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The Age Of Faith: The Dark Ages

736 words - 3 pages

From the fifth to the fifth teen century, Western Europe went through a period called the Age of Faith, also known as the “dark ages”. The church wanted more power and authority, and that implicated a few changes. Not only did the internal structure of the church change, but so did the external. Thus the Age of Faith was simulated, and encouraged battles and adventures. This age was influenced by many factors, such as the reforming of the church, rebuilding of the church, and the crusades.
Basic principles had to be returned to the church, as there were still many issues. Priests married and had families, which was against church verdicts. The act of simony, selling and buying of church positions, was an extensive practice. The last major issue was the kings who appointed bishops, when only the church had the capability to do so. All these complications lead to the reformation of the church. Now the laws against priest marriages and simony were enforced by the church leader, the pope. The church was composed as a kingdom, with the pope as its head, and the papal Curia, as the pope’s advisers. The Curia acted as a court, “It developed cannon law (the law of the Church) on matters such as marriage, divorce, and inheritance.” (p. 2) Moreover, the church further collected a tithe, which is a tax of one tenth of the yearly income. Effects of the renovation of the church also affected the external world. Men became friars, which was a traveling preacher spreading the word of God. Now that the internal structure of the church was reformed, it was time for the external.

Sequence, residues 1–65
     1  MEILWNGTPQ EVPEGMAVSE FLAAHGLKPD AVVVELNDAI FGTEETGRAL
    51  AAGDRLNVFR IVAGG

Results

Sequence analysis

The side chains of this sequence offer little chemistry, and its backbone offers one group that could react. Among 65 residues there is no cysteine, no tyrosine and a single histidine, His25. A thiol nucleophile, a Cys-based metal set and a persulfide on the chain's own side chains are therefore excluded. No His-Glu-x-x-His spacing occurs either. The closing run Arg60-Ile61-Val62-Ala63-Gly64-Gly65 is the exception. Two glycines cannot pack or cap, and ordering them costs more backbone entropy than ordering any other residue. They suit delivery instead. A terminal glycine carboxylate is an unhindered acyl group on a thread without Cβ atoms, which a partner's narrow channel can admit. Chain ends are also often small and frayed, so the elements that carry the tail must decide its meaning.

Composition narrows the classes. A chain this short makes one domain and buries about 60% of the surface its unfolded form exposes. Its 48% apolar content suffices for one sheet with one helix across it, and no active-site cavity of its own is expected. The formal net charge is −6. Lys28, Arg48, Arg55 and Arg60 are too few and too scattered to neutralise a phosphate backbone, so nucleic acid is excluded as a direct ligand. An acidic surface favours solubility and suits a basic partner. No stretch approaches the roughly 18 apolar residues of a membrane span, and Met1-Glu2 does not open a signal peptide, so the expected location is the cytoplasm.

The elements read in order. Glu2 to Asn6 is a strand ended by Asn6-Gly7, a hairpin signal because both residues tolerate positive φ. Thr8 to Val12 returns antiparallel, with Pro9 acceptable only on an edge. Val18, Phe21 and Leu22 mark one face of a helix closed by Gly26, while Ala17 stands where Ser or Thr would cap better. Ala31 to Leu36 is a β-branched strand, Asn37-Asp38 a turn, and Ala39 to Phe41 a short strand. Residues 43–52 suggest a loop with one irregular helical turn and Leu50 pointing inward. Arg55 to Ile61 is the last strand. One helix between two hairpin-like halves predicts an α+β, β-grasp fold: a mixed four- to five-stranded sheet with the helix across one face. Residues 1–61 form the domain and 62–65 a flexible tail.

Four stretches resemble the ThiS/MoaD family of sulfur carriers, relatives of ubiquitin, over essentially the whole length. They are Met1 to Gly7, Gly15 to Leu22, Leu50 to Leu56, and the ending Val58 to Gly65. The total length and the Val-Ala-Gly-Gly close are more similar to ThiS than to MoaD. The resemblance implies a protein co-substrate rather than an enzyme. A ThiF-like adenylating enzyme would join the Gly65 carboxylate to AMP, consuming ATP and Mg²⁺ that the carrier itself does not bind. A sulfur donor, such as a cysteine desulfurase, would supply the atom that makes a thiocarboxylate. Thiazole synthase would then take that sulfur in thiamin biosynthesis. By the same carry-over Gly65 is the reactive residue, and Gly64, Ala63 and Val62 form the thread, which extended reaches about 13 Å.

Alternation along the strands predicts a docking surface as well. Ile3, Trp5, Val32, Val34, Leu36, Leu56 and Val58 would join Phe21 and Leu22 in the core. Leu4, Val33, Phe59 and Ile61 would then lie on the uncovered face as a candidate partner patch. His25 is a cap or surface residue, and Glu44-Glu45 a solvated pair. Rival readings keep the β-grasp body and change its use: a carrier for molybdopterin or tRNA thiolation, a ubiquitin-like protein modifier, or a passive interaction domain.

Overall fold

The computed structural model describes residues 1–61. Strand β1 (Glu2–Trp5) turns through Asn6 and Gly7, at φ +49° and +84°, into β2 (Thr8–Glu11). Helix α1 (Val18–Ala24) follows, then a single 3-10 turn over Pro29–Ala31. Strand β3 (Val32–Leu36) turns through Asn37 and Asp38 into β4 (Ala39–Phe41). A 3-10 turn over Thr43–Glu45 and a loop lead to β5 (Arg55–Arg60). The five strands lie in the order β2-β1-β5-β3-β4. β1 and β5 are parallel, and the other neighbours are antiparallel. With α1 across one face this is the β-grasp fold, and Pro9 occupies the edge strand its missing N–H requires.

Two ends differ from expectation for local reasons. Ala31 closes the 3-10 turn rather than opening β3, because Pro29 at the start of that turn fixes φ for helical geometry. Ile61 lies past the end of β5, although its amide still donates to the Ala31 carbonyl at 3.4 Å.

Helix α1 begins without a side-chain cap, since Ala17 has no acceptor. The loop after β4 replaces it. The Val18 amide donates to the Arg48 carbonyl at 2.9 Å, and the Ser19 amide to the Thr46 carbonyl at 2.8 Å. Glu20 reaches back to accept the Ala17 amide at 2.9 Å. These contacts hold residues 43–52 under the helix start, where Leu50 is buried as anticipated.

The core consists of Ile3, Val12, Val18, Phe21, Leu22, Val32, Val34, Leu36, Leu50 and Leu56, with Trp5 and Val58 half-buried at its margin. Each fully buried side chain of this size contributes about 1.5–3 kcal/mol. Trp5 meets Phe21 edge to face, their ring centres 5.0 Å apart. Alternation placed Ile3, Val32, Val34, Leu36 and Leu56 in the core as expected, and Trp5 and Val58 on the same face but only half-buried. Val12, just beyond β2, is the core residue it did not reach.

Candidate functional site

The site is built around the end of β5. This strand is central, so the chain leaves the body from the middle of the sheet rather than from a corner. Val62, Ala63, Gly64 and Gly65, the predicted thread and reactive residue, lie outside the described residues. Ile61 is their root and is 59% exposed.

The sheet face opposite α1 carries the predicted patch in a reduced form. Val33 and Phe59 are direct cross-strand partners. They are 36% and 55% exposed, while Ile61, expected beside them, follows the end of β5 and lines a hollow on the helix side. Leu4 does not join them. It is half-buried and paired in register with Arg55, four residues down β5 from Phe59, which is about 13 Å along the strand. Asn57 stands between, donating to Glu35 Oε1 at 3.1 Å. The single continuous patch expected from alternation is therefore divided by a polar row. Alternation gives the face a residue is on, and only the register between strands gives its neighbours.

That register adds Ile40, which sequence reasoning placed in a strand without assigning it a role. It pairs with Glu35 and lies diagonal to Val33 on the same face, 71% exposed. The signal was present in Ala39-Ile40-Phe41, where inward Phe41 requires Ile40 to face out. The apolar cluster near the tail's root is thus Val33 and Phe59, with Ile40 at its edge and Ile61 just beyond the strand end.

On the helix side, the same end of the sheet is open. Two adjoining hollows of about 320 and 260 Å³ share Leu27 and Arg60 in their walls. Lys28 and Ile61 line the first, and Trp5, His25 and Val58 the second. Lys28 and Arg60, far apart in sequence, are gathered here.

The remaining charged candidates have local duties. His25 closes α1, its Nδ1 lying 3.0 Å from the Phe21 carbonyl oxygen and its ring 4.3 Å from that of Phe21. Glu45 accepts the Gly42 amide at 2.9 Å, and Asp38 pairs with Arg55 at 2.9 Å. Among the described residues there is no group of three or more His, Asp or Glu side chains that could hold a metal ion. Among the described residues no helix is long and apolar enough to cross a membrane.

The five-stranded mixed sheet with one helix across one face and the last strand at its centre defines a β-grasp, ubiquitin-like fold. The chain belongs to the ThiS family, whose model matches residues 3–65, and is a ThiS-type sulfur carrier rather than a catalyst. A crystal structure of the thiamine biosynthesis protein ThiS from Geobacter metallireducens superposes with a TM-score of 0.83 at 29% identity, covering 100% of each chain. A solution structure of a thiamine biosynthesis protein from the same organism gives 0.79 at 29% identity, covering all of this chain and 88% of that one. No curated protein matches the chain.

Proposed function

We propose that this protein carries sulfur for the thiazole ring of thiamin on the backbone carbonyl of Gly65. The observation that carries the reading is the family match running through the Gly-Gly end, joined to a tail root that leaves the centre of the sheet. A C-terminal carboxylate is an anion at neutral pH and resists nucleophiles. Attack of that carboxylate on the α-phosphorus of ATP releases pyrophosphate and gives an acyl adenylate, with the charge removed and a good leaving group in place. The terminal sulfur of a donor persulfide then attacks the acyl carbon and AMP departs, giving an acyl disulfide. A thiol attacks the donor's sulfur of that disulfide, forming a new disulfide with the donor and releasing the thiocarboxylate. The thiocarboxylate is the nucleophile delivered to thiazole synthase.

Large churches, called cathedrals, was built in city areas, and was considered to be the City of God. Cathedrals were constructed in an array of styles. Starting in the 800s, cathedrals were built in a Romanesque style, which was constructed of round arches, heavy roofs held up by thick walls and pillars. Walls had tiny windows which let in little light. In the 1100s cathedrals architectures changed to a style called Gothic. Gothic style took the opposite direction of Romanesque, and reached out for the sky. Along with its tall...

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